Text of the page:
Cabrera, V. E., D. Solis, and D. Letson. (2009). Optimal crop insurance under climate variability: contrasting insurer and farmer interests.
Transactions of the ASABE, 52(2), 623–631.
Cabrera, V. E., D. Solis, G.A. Baigorria, and D. Letson.
Managing climate risks to agriculture: evidence from El Nino. Gainesville, FL: SECC.
Cammarano, D., Basso, B., Stefanova, L., & Grace, P. (2012). Adapting wheat sowing dates to projected climate change in the Australian subtropics: analysis of crop water use and yield.
Crop Pasture Sci., 63(10), 974.
Cammarano, D., Stefanova, L., Ortiz, B. V., Ramirez-Rodrigues, M., Asseng, S., Misra, V., et al. (2013). Evaluating the fidelity of downscaled climate data on simulated wheat and maize production in the southeastern US.
Reg Environ Change, 13(S1), 101–110.
Cammarano, D., Zierden, D., Stefanova, L., Asseng, S., O'Brien, J. J., & Jones, J. W. (2016). Using historical climate observations to understand future climate change crop yield impacts in the Southeastern US.
Climatic Change, 134(1-2), 311–326.
Campagnolo, M. L., Sun, Q., Liu, Y., Schaaf, C., Wang, Z., & Román, M. O. (2016). Estimating the effective spatial resolution of the operational BRDF, albedo, and nadir reflectance products from MODIS and VIIRS.
Remote Sensing of Environment, 175, 52–64.
Caron, J. (1997).
The generation of synthetic sea surface temperature date for the equatorial Pacific Ocean. Master's thesis, Florida State University, Tallahassee, FL.
Caron, J. M., & O'Brien, J. J. (1998). The Generation of Synthetic Sea Surface Temperature Data for the Equatorial Pacific Ocean.
Mon. Wea. Rev., 126(11), 2809–2821.
Carstens, J. (2019).
Tropical Cyclogenesis from Self-aggregated Convection in Numerical Simulations of Rotating Radiative-convective Equilibrium. Florida State University - FCLA; ProQuest Dissertations & Theses Global.
Abstract: Organized convection is of critical importance in the tropical atmosphere. Recent advances in numerical modeling have revealed that moist convection can interact with its environment to transition from a quasi-random to organized state. This phenomenon, known as convective self-aggregation,is aided by feedbacks involving clouds, water vapor, and radiation that increase the spatial variance of column-integrated frozen moist static energy. Prior studies have shown self-aggregation to takeseveral different forms, including that of spontaneous tropical cyclogenesis in an environment of rotating radiative-convective equilibrium (RCE). This study expands upon previous work to address the processes leading to tropical cyclogenesis in this rotating RCE framework. More specifically,a three-dimensional, cloud-resolving numerical model is used to examine the self-aggregation of convection and potential cyclogenesis, and the background planetary vorticity is varied on an f-plane across simulations to represent a range of deep tropical and near-equatorial environments.Convection is initialized randomly in an otherwise homogeneous environment, with no background wind, precursor disturbance, or other synoptic-scale forcing.All simulations with planetary vorticity corresponding to latitudes from 10°to 20°generate intense tropical cyclones, with maximum wind speeds of 80 m s−1or above. Time to genesis varies widely, even within a five-member ensemble of 20°simulations, reflecting a potential degree of stochastic variability based in part on the initial random distribution of convection. Shared across this so-called “high-f” group is the emergence of a midlevel vortex in the days leading to genesis,which has dynamic and thermodynamic implications on its environment that facilitate the spinup of a low-level vortex. Tropical cyclogenesis is possible in this model even at values of Coriolis parameter as low as that representative of 1°. In these experiments, convection self-aggregates into a quasi-circular cluster, which then begins to rotate and gradually strengthen into a tropical storm, aided by near-surface inflow and shallow overturning radial circulations aloft within the aggregated cluster. Other experiments at these lower Coriolis parameters instead self-aggregate into an elongated band and fail to undergo cyclogenesis over the 100-day simulation. A large portion of this study is devoted to examining in greater detail the dynamic and thermodynamic evolution of cyclogenesis in these experiments and comparing the physical mechanisms to current theories.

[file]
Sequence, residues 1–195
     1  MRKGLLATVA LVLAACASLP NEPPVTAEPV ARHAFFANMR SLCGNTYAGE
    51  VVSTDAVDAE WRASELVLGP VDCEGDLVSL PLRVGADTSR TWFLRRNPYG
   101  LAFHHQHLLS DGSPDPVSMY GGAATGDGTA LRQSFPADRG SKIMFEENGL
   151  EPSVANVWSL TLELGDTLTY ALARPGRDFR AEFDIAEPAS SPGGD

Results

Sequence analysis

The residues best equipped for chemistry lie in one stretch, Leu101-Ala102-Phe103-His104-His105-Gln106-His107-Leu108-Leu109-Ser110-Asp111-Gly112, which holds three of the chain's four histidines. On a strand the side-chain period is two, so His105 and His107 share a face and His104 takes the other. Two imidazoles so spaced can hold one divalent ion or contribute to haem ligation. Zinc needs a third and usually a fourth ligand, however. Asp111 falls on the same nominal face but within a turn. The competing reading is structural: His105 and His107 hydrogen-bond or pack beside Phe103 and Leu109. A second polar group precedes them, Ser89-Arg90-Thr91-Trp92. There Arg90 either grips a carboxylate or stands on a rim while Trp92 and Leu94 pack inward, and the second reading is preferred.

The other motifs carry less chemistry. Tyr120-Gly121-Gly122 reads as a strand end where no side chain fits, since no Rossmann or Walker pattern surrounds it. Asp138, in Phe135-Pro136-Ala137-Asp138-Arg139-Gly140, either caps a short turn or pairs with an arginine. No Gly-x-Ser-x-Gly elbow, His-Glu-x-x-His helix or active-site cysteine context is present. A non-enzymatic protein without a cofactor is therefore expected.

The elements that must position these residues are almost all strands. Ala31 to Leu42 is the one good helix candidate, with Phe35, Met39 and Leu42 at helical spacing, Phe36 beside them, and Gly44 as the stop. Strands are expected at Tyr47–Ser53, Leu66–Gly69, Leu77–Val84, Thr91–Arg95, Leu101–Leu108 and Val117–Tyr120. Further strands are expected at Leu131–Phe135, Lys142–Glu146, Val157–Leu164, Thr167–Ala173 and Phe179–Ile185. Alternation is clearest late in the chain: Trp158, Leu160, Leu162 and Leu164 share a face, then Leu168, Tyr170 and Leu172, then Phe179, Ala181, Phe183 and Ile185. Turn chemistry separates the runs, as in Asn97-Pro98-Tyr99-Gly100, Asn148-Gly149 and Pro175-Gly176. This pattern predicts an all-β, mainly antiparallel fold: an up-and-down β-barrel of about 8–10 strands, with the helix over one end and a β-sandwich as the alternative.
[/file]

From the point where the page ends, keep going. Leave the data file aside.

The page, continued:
Carstens, J. (2017).
North Atlantic and Northeast Pacific Tropical Cyclone Intensity Comparison Using Integrated Kinetic Energy. Bachelor's thesis, Florida State University, Tallahassee, FL.